A CALS “Bridge to Business” Turns 20

Each January, the Renk Agribusiness Institute hosts the Wisconsin Ag Outlook Forum and releases the Status of Wisconsin Agriculture report—a sure sign for the agricultural business community that the new year is here. And each fall sees the arrival of a new cohort of Renk Scholars, undergraduates selected

for a scholarship program emphasizing leadership in contemporary agricultural issues and agribusiness.

The Renk Agribusiness Institute was founded 20 years ago to coordinate the university’s agribusiness teaching, research and outreach activities, provide financial assistance to students pursuing agribusiness degrees and offer professional development programs for agribusiness executives. The institute originated with a gift from the Renk family of Sun Prairie, founders of the Renk Seed Company. The institute is housed in the Department of Agricultural and Applied Economics (AAE) and draws on the expertise of faculty from across campus.

This year the institute has a new director: AAE professor Paul Mitchell, who is eager to increase the visibility and reputation of agriculture and agribusiness in CALS and UW and build more connections between the campus and agribusinesses in the state and region.

“Whether by offering educational and training opportunities for agribusiness professionals,
or exploring new options to facilitate connections between campus and the state’s ag industry, the institute can play an important role to help maintain and enhance the innovation capacity of Wisconsin agribusiness,” Mitchell says.

The Renk Scholars program offers a great way to help fuel growth, notes Mitchell.

“I inherited a solid student program from my predecessors, with a thriving agribusiness management club and a number of undergraduates participating in national student competitions,” says Mitchell. “Through the high-caliber work of the students, I hope to build the program’s reputation and visibility on campus and especially in the private sector as the number of Renk alums continues to grow. Through these experiences, we’re establishing cohorts among the students that generate synergies—and lifelong connections for both students and campus to capitalize on.”

Mitchell, along with colleagues on campus and partners around the state, a committed board of advisors and new associate director Jeremy Beach, is taking time this year to consider exactly how the institute should grow.

“There’s plenty of work to do and we are still in the visioning stages,” says Mitchell. “I’ve been looking more carefully at data analytics or ‘big data’ as a possible focus for the institute as it builds on the strengths of the department and college, but we have many other ideas on the table as well.”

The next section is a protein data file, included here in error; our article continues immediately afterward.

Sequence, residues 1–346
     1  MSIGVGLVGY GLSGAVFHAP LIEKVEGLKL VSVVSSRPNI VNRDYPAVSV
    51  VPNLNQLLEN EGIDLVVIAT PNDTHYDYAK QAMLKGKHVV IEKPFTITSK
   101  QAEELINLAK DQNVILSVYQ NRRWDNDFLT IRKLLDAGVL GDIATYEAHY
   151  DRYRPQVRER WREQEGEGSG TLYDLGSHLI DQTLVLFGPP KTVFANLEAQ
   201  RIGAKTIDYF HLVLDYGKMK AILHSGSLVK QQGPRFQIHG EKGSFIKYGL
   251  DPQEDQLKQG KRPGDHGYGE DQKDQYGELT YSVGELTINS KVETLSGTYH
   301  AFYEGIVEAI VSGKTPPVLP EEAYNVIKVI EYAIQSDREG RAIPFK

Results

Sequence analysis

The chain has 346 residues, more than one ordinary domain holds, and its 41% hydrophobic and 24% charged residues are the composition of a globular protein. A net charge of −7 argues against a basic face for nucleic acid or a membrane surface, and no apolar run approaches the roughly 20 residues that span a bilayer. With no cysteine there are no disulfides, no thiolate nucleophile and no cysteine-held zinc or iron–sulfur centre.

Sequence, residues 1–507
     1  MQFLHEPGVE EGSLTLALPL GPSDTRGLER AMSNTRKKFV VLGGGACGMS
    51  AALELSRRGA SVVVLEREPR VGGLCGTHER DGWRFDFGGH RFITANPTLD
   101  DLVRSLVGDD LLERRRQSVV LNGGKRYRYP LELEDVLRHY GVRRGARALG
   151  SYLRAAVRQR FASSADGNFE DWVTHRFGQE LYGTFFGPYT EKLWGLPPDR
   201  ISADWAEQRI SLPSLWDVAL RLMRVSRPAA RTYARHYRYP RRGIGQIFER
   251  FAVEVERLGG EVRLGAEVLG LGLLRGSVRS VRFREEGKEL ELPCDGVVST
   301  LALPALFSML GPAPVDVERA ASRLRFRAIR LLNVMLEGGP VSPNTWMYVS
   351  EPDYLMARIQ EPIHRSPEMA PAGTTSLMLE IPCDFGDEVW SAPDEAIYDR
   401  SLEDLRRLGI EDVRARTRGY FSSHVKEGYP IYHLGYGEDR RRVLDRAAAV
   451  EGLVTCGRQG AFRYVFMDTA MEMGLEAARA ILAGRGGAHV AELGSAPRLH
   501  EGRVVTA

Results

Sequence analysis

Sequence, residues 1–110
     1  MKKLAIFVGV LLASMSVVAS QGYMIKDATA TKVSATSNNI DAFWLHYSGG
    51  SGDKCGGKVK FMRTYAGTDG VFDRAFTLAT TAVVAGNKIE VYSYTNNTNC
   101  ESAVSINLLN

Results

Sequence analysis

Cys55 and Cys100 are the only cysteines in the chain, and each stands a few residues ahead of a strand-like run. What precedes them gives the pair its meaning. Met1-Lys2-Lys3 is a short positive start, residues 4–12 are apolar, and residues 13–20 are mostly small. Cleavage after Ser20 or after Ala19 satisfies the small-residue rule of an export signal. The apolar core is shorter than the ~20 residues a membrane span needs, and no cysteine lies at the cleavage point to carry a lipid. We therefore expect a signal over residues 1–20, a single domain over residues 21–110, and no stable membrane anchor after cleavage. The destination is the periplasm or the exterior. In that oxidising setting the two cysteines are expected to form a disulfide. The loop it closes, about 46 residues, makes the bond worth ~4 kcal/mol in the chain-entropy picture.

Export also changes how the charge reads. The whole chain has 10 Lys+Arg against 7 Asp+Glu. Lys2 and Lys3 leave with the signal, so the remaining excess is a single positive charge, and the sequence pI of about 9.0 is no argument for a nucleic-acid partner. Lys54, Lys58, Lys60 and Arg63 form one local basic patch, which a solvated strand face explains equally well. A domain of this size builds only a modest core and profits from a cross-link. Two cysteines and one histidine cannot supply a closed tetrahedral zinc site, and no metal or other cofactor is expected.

Click here for more information on the Renk Agribusiness Institute and the Renk Scholars Program

Paul Mitchell, Agricultural and Applied Economics, takes the helm at the Renk Agribusiness Institute.
Photo by Ben Vincent, UW-Madison CALS

In Vietnam, Mopeds Help Teach Economics

When Corbett Grainger wanted to teach Vietnamese students the basics of environmental economics, he had no problem getting them motivated. He just talked about the motor scooters jamming the roads of Hanoi.

The bikes make for great local color, he says—it’s not unusual to see one carrying an entire family or livestock or large pieces of furniture. But it’s also not unusual to see people wearing masks to filter out the fumes from tens of thousands of scooters.

So students were very curious about potential market-based solutions to road congestion, such as taxes and tolls, says Grainger, a CALS assistant professor of agricultural and applied economics.

“The environment in Vietnam is kind of in a state of disrepair, particularly in terms of air and water quality,” he says. “Their economy is booming but it comes at a cost, and the younger people realize that.”

Grainger is one of a number of CALS and other UW–Madison faculty members who recently made the 8,000-mile trip to help the Hanoi University of Agriculture (HUA) set up an undergraduate program in agricultural business management.

Not all are ag economists. Al Gunther of life sciences communication went to teach business communication. Randy Dunham of the UW School of Business taught a course in management. Other offerings have included accounting, international trade, co-ops and contracts.

The plan is for the Wisconsin professors to teach the first class of students enrolled in the program. Hanoi faculty sit in on the lectures so that they can teach subsequent classes on their own.

While course content is much the same as in Madison, some adaptations are needed. For one thing, the class is condensed into three or four weeks. And even though the courses are taught in English—constituting the first English-language classes held at HUA—not everything “translates” perfectly because Vietnamese students bring a different set of skills and knowledge to the classroom.

They’re ahead of their U.S. counterparts in math but behind in computers, says CALS ag economist Paul Mitchell. Most of them didn’t know how to use a spreadsheet, he says. And when Mitchell talked about his research on markets for certified organic potatoes, first he had to explain organic certification.

But the CALS team found the Vietnamese students to be unsurpassed in one respect—they were intensely eager to learn. “After class, they all lined up with questions,” says Grainger. “When I held office hours in the afternoon, the whole class would show up.”